JohnRoberts

Re: SMPSU
« Reply #20 on: August 01, 2020, 12:01:48 PM »
Building high-power smps is enough to occupy a whole lifetime. I'm not that patient.
I know the guys at Powersoft. They spent their evenings at uni making sm power amps and PS. One was designing, the other replaced the exploded FET's!  ;D
At Peavey we had a digital group with years (decades) of experience designing class D amplifiers while high power switching device technology was not quite up to that task back a few decades ago, like it is now. Switching PS are relatively easier, but not trivial. Chip makers often have detailed application notes including preferred PCB layouts, but I agree it is not worth the trouble for onesy-twosey projects.

Agreed for one-offs or as a small manufacturer using off the shelf OEM solutions makes sense. Back a couple decades ago (consulting after I quit Peavey) I inherited supporting a low volume DSP product using a custom switching supply. They cleverly tried to get two regulated rails from one switcher using a transformer. I killed a lot of brain cells trying to make that transformer quiet (it buzzed like an angry hornet).  I finally used the Gordian knot solution, simplifying the design to just a single regulated switching rail, and added a common pass regulator for the lower voltage rail. The small loss in efficiency was well worth it for the dead silence gained by using a cheap standard off the shelf inductor. I never even found a second source for the obscure transformer that buzzed.  (That was the same switcher that I piggy backed a small cap value, HF cap doubler/tripler to make a 48V phantom rail).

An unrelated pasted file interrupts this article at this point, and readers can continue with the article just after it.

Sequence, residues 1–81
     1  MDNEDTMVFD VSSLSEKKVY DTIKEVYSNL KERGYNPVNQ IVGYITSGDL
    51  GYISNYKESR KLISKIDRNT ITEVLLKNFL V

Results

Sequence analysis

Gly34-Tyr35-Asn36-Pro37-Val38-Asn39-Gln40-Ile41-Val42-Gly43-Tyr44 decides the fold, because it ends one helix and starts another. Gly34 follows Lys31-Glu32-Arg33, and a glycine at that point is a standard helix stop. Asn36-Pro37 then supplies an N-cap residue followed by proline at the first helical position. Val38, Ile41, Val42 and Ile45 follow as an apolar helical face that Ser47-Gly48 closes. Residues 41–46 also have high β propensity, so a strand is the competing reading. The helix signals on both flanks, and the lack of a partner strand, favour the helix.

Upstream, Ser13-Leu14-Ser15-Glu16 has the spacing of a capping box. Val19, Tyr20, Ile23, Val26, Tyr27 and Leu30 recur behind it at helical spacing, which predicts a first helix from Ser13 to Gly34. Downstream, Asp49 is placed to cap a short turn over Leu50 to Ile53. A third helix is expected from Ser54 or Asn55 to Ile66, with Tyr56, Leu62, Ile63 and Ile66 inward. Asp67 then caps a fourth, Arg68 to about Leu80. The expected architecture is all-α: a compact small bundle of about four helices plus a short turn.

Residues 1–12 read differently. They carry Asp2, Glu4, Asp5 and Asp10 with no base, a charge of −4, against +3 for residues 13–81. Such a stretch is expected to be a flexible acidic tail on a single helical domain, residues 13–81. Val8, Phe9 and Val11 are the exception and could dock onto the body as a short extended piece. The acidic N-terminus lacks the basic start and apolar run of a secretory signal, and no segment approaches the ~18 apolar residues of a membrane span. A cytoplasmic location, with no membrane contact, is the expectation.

JR 
It's nice to be nice....


Matador

Re: SMPSU
« Reply #21 on: August 01, 2020, 01:35:19 PM »
That's correct. These smps have floating outputs, you can connect them any way you like. E.g. you can stack two of them for 48V.
This implies a "flyback buck" topology.  Did it come with a schematic?  Or can you glean which chipset it's based on?

I'm wondering if there are standard feedback resistors that could be removed/changed to give a 48V output directly (provided the transformer can handle it).

JohnRoberts

Re: SMPSU
« Reply #22 on: August 01, 2020, 02:00:42 PM »
This implies a "flyback buck" topology.  Did it come with a schematic?  Or can you glean which chipset it's based on?

I'm wondering if there are standard feedback resistors that could be removed/changed to give a 48V output directly (provided the transformer can handle it).
If you can see the components  (not potted), search out the switching IC manufacturer for application notes. They should advise the capability of the design while 48V may require higher voltage switching devices and capacitors.

JR
It's nice to be nice....

moamps

Re: SMPSU
« Reply #23 on: August 01, 2020, 04:58:24 PM »
This implies a "flyback buck" topology.  Did it come with a schematic?  Or can you glean which chipset it's based on?
I'm wondering if there are standard feedback resistors that could be removed/changed to give a 48V output directly (provided the transformer can handle it).
IMO, it is based on standard TL431 IC as reference, so output voltage can be changed by changing resistors around it. But, it most probably cannot be changed 200%,  a different transformer's ratio is needed to achieve that (and some other parts should be changed).  Also, if it works as negative voltage source, one blue capacitor should be relocated.

abbey road d enfer

Re: SMPSU
« Reply #24 on: August 02, 2020, 12:26:08 AM »
IMO, it is based on standard TL431 IC as reference, so output voltage can be changed by changing resistors around it.
The chip is AP8012H. The reference is integrated.

Quote
But, it most probably cannot be changed 200%,  a different transformer's ratio is needed to achieve that (and some other parts should be changed). 
  Indeed. Typically smps can be trimmed by about 10%. Thaat's how I got my +/-15V rails for a 51X rack with nominal 15V smps.

Quote
Also, if it works as negative voltage source, one blue capacitor should be relocated.
I believe you mean the CY capacitor between Neutral and ground of the secondary side...?